Tag Archives: social media

Why I’ve gone dark



Calling occupants of interplanetary craft: Leave a message; we’ll get back to you

I have no problem with the concept of ‘social media’. It sounds welcoming enough, even comforting. Let’s say you are a shut-in and no one comes to your door. You fire up the Internet, login to Facebook, Twitter, LinkedIn or any other of myriad, electronically devised stand-ins for people, and commence to chat for hours. What could go wrong?

Just this: In most cases, no one trolling for information about you and yours gives a rat’s derrière about you and yours. More often, they simply want to blunt your attention to reality (the sky is either blue, or it’s snowing); or they want to steal your money, identity and, in the final analysis, soul.

Not long ago, I disconnected from every social media account I once had. That includes Facebook, Twitter and LinkedIn. Let’s call it an experiment. But, so far, it’s working well. I’m calmer, more sanguine. I have more time to read for pleasure. I actually talk to real people – look them in their eyes and not into the vibrant screen of my smart phone. At the very least, I’m a better dinner guest.

Last year, The New York Times ran a piece entitled, “Is Social Media Disconnecting Us From the Big Picture?” In it, the writer observed: “Maybe I shouldn’t have been surprised that Donald Trump could be elected president, but I was. I live in Brooklyn and work in Manhattan, two of the most liberal places in the country. But even online, I wasn’t seeing many signs of support for him. How did that blindness occur? Social media is my portal into the rest of the world ­– my periscope into the communities next to my community, into how the rest of the world thinks and feels. And it completely failed me.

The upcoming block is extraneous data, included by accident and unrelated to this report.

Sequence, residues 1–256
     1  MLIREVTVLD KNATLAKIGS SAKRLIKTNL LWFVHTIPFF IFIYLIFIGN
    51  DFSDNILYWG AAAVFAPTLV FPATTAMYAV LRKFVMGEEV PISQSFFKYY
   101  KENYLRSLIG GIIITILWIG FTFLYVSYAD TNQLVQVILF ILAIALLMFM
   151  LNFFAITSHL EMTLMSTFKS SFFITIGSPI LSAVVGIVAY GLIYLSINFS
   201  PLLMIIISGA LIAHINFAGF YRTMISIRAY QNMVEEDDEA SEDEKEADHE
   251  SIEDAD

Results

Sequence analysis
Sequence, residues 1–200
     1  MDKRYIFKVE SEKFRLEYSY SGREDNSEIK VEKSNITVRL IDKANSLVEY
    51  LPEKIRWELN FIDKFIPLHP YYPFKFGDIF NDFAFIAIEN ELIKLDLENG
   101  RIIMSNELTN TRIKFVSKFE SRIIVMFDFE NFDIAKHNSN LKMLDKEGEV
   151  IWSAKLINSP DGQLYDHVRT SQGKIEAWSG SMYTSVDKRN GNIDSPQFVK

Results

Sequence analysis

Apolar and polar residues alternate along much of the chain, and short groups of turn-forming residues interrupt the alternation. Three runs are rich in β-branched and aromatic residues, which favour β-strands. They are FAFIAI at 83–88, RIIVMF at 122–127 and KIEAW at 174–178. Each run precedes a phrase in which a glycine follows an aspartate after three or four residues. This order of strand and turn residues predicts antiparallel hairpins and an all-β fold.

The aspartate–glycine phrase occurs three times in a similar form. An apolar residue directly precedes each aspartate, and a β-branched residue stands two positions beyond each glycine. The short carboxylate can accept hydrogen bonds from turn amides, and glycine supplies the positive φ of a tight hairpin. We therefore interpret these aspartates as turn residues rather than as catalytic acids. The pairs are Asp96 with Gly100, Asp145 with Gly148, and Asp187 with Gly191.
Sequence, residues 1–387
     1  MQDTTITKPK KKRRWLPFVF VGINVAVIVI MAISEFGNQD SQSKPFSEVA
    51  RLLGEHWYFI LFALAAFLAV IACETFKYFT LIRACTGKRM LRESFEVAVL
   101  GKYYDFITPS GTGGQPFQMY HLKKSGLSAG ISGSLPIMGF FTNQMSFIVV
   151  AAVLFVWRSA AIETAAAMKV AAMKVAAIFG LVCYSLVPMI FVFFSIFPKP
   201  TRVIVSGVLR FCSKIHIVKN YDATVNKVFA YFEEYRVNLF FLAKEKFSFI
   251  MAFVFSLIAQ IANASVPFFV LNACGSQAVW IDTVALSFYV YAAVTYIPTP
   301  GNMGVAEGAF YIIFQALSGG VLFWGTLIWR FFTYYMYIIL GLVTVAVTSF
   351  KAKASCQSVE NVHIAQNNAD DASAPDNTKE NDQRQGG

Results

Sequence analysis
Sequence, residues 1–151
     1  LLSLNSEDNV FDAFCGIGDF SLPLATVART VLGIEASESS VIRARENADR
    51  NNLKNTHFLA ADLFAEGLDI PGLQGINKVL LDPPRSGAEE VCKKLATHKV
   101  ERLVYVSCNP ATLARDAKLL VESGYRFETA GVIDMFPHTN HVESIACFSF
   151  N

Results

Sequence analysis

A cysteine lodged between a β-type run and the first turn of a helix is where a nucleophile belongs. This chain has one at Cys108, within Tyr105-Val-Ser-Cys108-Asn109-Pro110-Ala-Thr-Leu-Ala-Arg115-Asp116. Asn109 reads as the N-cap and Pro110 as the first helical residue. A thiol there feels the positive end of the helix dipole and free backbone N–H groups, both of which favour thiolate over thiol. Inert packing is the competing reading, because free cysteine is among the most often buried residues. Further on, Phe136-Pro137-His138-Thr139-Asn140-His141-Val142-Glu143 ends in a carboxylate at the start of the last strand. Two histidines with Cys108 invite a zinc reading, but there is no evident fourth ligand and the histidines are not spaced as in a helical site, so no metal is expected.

The writer continues; ‘In hindsight, that failure makes sense. I’ve spent nearly 10 years coaching Facebook – and Instagram and Twitter – on what kinds of news and photos I don’t want to see, and they all behaved accordingly. Each time I liked an article, or clicked on a link, or hid another, the algorithms that curate my streams took notice and showed me only what they thought I wanted to see. That meant I didn’t realize that most of my family members, who live in rural Virginia, were voicing their support for Trump online, and I didn’t see any of the pro-Trump memes that were in heavy circulation before the election. I never saw a Trump hat or a sign or a shirt in my feeds, and the only Election Day selfies I saw were of people declaring their support for Hillary Clinton.”

Uh, oops.

Still, now that I am completely disconnected from social media, I find my mortal energy re-emerging. I comprehend that I have precious decades left to me on this coil: To see and play with my grandkids, to build gardens, to write books, to laugh with my wife in the cold, stark winters of our lives (and in the surprisingly warm summers of our fourth decade together). I find peace. I find joy.